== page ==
6. prommie

    I see that the Kenyan usurper/corporate tool (which is it now?) has succesfully encouraged Mubarak to call out the troops and start shootin'.

    1. Lascauxcaveman

      That may be a little unfair. I think it's more likely that Hopey is pointing out the obvious to those protesters: the other side has more and bigger guns.

      1. Cicada

        I think there's a bit of "Oh shit, please don't blow up into a long violent civil war. Pleasepleasepleaseplease." going on too.

  7. cheaphits

    The uprisings in Egypt are not our battle, are they?

    Perhaps a lower profile until we see how this shakes out?

    Then again it's hard to drive American popularity down much further in the Arab world anyway. Ahhh hell, let's go ahead and choose a side early and permanently…roll the dice…

  8. Kidneys4Sale

    Maybe it's a trap. Maybe Barry is going to trick the GOPers into calling out for the US Murka to support the freedom of brown people on the other side of the world. Maybe he can turn it into a watershed moment for US diplomacy.

    Or maybe next week he'll get a fruit basket from Dick Cheney with a card that reads "Thanks for the help."

  9. SorosBot

    Both Republicans and Democrats alike are probably afraid of what the example of people rising up and revolting against a government run for the interests of big business along with police brutality might do to Americans.

    1. natoslug

      Oh please. The only Americans willing to revolt are driving hoverounds and wearing teabags taped to their hats. The rest of us are just trying to make a living and get BTVS back on the air. Although if a 12-hour work week was part of the demands, I suppose I might throw my support into the revolution.

  10. SorosBot

    Hell, it's the American way to rise up in revolt against the government recognizing the basic civil liberties of people with darker skin.

  11. donner_froh

    Damn Egyptians shouldn't be so impatient. The emergency decree under which Mubark rules has only been in force for 30 years. The should give it another decade or so to see if it will work.

  12. Lascauxcaveman

    It’s better to be corrupt than be Muslim. There are some at least justifiable reasons to do that, and if the U.S. believes in it,

    Yeah, I guess we're still gun shy about that whole Iran Islamic Revolution thing back in '79 or whatever.

    It’s better to be corrupt than be Muslim.

    By that metric, We should have invaded Iran, then Afghanistan, and left Iraq the hell alone.

    OMG! I've just realized Iraq was a terrible mistake! Who knew?

    1. natoslug

      Iraq was not a mistake. Those theoretical Weapons of Mass Destruction were threatening the laws of both physics and philosophy.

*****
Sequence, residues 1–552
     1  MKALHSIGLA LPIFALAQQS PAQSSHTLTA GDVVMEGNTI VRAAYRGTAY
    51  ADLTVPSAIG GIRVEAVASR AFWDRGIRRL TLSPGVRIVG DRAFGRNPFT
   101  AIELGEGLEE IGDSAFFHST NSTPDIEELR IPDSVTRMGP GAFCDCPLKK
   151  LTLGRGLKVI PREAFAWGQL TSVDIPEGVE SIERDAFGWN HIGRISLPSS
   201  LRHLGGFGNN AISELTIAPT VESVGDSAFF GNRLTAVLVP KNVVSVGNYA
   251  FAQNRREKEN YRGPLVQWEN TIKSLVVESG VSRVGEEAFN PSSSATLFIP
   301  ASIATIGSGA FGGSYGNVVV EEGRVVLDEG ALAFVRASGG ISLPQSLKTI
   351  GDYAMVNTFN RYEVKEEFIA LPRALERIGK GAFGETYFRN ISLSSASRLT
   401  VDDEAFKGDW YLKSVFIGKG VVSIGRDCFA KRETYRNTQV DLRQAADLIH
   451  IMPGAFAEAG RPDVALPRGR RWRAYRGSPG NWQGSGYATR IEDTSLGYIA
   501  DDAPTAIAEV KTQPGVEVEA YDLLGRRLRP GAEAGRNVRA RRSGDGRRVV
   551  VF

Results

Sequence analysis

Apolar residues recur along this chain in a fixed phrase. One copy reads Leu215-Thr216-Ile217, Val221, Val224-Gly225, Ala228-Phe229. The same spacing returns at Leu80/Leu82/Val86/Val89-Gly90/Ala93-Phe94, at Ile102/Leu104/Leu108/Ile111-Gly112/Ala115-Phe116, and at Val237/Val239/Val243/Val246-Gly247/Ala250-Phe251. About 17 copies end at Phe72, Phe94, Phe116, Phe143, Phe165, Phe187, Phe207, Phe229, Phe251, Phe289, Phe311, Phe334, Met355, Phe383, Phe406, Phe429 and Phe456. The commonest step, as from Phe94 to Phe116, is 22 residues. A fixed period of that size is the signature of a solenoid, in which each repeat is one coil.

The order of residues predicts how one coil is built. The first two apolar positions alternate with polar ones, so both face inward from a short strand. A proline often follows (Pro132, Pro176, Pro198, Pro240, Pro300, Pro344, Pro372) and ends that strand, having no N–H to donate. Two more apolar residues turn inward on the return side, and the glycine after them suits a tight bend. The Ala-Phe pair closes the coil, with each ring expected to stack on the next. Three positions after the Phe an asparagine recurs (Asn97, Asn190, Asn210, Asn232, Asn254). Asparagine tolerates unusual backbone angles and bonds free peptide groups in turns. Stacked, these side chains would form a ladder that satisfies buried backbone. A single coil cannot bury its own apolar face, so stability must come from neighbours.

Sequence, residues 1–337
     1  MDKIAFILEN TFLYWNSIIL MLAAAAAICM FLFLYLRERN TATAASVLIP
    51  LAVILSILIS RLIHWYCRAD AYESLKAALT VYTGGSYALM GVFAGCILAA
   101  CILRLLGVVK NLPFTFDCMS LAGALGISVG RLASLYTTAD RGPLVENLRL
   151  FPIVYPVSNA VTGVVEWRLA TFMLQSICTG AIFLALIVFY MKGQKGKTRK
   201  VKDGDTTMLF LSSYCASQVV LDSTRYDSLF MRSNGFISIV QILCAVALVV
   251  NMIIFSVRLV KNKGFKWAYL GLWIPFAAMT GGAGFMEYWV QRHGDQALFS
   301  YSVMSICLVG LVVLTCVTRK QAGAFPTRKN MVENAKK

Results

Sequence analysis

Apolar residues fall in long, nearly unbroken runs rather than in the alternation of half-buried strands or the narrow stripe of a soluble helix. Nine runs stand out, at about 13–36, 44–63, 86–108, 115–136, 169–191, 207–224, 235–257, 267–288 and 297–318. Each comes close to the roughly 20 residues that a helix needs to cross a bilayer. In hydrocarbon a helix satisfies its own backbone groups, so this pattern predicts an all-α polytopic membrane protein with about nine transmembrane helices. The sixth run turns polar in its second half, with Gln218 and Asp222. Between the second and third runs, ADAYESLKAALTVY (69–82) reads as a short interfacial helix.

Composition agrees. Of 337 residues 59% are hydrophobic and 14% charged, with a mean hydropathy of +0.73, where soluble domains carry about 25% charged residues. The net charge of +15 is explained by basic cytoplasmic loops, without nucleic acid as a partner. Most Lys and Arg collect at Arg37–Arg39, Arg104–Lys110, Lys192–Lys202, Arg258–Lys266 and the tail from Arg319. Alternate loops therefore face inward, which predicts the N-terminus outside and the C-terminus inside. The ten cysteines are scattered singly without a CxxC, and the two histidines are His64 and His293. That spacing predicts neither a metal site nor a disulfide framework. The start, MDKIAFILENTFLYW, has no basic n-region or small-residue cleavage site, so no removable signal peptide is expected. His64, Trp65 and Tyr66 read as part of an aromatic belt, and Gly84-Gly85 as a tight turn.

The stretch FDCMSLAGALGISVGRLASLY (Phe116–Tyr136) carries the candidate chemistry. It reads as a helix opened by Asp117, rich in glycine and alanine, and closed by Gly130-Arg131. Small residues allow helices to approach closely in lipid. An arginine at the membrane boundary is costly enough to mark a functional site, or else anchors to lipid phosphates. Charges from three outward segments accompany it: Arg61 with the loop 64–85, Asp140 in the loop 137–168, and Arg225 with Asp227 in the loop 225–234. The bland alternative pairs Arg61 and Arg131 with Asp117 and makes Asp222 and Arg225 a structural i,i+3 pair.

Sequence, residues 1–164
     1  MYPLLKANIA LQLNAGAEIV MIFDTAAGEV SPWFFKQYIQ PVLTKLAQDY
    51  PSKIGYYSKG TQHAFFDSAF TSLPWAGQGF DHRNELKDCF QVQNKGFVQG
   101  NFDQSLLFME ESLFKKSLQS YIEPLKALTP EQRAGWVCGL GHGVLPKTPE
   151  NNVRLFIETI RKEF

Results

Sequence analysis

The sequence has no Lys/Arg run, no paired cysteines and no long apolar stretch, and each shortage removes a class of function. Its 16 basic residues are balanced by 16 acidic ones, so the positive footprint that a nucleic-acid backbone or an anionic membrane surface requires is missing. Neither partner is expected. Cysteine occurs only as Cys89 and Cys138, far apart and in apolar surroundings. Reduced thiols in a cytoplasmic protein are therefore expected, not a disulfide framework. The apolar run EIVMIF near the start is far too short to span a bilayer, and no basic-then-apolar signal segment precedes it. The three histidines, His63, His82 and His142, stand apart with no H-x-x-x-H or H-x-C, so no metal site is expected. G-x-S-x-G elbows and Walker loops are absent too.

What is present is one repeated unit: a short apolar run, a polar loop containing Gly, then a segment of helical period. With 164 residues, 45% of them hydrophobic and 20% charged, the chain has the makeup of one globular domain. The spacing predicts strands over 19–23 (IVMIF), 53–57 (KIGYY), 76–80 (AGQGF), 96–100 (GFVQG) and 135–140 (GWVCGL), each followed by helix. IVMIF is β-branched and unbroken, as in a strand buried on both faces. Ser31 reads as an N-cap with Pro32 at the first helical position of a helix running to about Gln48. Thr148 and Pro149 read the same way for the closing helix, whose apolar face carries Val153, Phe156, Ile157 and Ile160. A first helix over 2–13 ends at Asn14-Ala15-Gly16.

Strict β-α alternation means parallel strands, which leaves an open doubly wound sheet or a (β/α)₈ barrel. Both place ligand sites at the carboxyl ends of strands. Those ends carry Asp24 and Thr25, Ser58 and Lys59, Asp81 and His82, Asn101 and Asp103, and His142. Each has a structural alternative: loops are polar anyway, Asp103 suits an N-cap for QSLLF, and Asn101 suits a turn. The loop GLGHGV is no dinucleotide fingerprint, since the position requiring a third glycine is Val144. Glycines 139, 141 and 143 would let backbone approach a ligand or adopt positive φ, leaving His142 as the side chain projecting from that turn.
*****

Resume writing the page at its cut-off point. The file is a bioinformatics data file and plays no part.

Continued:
1. mereoblivion

      Sort yourself out, mate. The Wandering Jew said "If a sparrow fall into a furrow . . ." Hold on, I need to go sort myself out.

  13. chickensmack

    We should be thankful we have American Idol and Xanax, because without distractions like that, we may actually shed a tear over the fascism our country enjoys.

  14. Oblios_Cap

    We never had these kind of problems in Central America when we let US Fruit democratically run things!

  15. Respitetini

    Propping up corrupt dictators against popular uprisings. What's next, skinny ties and a Duran-Duran revival tour?

    1. Weenus299

      It won't be long before Bob Geldof gets involved, and there'll be endless promotions of rice and music.

  16. LiveToServeYa

    Democracy is great, but let's not let it get out of hand. It's not like America was founded in violent revolution or anything. Violence: we hate that stuff.

    1. Weenus299

      When we struggled day and night to free all the slaves we purchased, we then committed a revolution, and made the Germans struggle very hard to give us our independence. It says so. Somewhere.

    2. Guppy06

      We'd be OK with the violence if the Egyptians were Republicans exercising their Second Amendment remedies.

  17. ttommyunger

    "Holy Shit! We have to keep our phony baloney jobs, we have to keep our phony baloney jobs! I didn't get a Harrumph out out you!"

  18. freakishlywrong

    And the U.S. will be exposed for what it really desires: governments that are secular, not governments that are free. This is an admirable desire. Our Government is neither secular nor free. Keeping politicians out of our reproductive decisions and bailing out billionaires with our money are what Ameridumb is all about.

  19. Monsieur_Grumpe

    This USA supported dictator policy is just not working. The obvious solution is to run these countries like a business. Works every time. Just ask Rush. Halliburton, Microsoft, Disney or Mattel should be put in charge.

  20. baconzgood